Author Topic: Working On a Vehicle BuyBack / Replacement  (Read 4151 times)

stevedoug

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Working On a Vehicle BuyBack / Replacement
« on: March 11, 2013, 12:57:00 PM »
To make a very long story short, I have a 2009 Volvo C30 that has been in the dealer around 15 times for various warranty repairs. Some minor, some critical (including no starts, and stalling at highway speeds, wheels needing replacement, HVAC system complete failures, fuel pump, tank, and control module replacement, battery replacement, etc).

Recently out of Warranty (53000 miles, on a 50000 mile warranty) I've found several very expensive failures:

-Front spring and struts need to be replaced $1500
-O2 sensor needs to be replaced for around $400
-Passenger door doesn't shut on cold days $????
-Severe buzzing from HVAC $????
-Windshield Seal failed causing water to enter cabin $500 repair
-Brakes worn out, $500 in parts


I'm all for fixing / maintaining cars myself. But at this point I cannot keep up with the repairs as fast as the failures are coming!
Brakes were last week's project, O2 sensor this week's project. I can't keep up!

I have a few ideas...
-I'm going to consult with Volvo on extending my warranty? Or possibly buying the vehicle back.
-Sell the vehicle and lease a vehicle
-Sell the vehicle and buy another used (despite the irrationality of it, I'm very fearful of another used car)
-Deal with the problems and suck it up, hoping the car doesn't explode at some point in the future.

Input? Ideas? Suggestions? Face punching?

As key notes,
I drive around 9000 miles / year, the car is paid off, and kbb is $17500. I have no non mortgage debt, and I'm at a 60% savings rate. I am a car guy and love cars. If I did not discover MMM I would probably be leasing a Maserati right now.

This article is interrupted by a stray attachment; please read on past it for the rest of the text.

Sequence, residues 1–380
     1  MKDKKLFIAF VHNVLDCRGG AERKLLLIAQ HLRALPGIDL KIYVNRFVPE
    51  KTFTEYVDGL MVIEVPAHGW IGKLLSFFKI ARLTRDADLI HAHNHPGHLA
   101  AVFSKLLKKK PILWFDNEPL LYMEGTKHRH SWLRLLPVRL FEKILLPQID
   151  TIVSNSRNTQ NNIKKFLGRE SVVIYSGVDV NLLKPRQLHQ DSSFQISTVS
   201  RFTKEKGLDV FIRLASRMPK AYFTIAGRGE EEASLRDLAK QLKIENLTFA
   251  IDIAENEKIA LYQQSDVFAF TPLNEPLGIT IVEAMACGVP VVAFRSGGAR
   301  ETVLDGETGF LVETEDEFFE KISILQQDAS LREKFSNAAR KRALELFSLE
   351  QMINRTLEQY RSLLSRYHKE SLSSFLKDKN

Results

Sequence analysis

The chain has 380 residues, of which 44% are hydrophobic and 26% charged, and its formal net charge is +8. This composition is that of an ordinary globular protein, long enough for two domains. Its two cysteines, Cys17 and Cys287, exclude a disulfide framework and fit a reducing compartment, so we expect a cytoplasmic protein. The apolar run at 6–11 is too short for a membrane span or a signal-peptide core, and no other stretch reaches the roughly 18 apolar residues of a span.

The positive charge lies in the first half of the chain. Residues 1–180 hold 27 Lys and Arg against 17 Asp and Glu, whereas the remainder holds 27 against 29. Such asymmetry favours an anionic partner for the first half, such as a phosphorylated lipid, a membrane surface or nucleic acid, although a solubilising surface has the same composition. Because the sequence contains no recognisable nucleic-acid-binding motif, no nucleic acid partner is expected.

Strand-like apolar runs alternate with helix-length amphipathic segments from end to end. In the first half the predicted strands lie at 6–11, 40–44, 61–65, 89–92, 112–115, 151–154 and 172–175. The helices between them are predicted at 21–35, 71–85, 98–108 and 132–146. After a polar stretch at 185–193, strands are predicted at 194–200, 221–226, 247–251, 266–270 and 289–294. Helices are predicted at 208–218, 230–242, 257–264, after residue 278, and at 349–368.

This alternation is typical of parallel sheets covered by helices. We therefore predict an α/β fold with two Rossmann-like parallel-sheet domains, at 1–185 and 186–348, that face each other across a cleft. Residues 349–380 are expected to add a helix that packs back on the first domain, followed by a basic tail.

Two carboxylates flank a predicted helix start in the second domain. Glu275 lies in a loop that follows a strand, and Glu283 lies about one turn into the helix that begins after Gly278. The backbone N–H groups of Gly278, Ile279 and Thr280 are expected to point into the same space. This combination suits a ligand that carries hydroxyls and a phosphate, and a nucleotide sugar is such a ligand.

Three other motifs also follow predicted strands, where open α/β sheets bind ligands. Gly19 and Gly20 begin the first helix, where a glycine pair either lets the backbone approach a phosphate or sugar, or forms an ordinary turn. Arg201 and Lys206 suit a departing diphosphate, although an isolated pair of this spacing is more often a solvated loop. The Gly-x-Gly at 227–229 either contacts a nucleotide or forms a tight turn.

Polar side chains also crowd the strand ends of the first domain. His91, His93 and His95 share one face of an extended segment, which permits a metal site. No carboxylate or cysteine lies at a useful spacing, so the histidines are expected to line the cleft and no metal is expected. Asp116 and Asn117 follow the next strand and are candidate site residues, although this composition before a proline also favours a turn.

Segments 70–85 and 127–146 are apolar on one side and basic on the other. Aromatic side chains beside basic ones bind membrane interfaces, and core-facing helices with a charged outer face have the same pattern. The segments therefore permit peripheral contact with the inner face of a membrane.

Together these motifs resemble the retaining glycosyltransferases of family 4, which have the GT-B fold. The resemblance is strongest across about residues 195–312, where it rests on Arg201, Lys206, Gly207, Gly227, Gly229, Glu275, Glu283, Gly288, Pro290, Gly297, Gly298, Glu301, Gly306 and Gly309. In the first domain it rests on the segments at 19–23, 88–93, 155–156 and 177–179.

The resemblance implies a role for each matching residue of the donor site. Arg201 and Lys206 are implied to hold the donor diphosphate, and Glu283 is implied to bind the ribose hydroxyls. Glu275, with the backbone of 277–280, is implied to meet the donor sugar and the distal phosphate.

Thanks ahead of time
« Last Edit: March 11, 2013, 01:05:54 PM by stevedoug »

brewer12345

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Re: Working On a Vehicle BuyBack / Replacement
« Reply #1 on: March 11, 2013, 01:00:57 PM »
I think I would bail on this particular car.  Money is nice, but some level of headaches will overwhelm the incremental dollar.  As for what to do after you dump this rolling problem, I would probably buy a modestly priced vehicle from a more reliable brand.

stevedoug

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Re: Working On a Vehicle BuyBack / Replacement
« Reply #2 on: March 11, 2013, 01:08:12 PM »
Thanks Brewer,
as a note the car gets 21MPG City, 26MPG Highway.
It's a subcompact, Turbo 5 Cylinder.

I'm considering a lease on something like a Mazda3, Subaru Impreza 5 door, or even a Toyota Tacoma

GoStumpy

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Re: Working On a Vehicle BuyBack / Replacement
« Reply #3 on: March 11, 2013, 01:33:23 PM »
Why are you leasing?  Is it a company vehicle?

stevedoug

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Re: Working On a Vehicle BuyBack / Replacement
« Reply #4 on: March 11, 2013, 02:23:33 PM »
Why are you leasing?  Is it a company vehicle?

No, and lease is not decided yet.
I'm all bought in on the MMM way of life, but I do not have the time to maintain this used vehicle. The HVAC job alone is an 8 hour job, with a trained tech, in a shop with proper tools. Meaning more like a 15 to 20 hour job on my own. The struts are another 10 hour job, with additional tool investment.

I'm trying to maximize my productivity, and my time is better spent renovating my condo as a rental, learning other new skills, and getting a good night's sleep.

Which is why a new car (lease or not), with quick access to dealer for potential repairs is enticing.
Every used car I've had (88 Oldsmobile, 99 Pontiac, 03 Alero, and now 09 Volvo) the monthly repair / maintenance costs have exceeded $250 / month. Most leases are about that.

(as a side note, I am an Automotive Quality Engineer)

DoubleDown

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Re: Working On a Vehicle BuyBack / Replacement
« Reply #5 on: March 11, 2013, 02:39:17 PM »
You might have already been down this road, but I'll go ahead and ask: Is there any possibility these problems existed or should have been discovered before the warranty expired? Especially if you ever had it serviced at the dealer.

With that much going wrong all at once, just after the warranty expired (which sounds suspicious/unlikely), I'd at least have a talk with Volvo and see what could be done on their dime. If they were dismissive, saying the warranty's expired, too bad, blah blah, I'd probably play the "These things did not develop overnight, you should have discovered and informed me about them earlier (before the warranty expired) -- what are you going to do to correct it now?" card. Then I'd take it to their corporate headquarters to see what could be done. Many companies will go outside the strict warranty terms to fix such problems to keep up a reputation, and it costs nothing to try.

Good luck.

stevedoug

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Re: Working On a Vehicle BuyBack / Replacement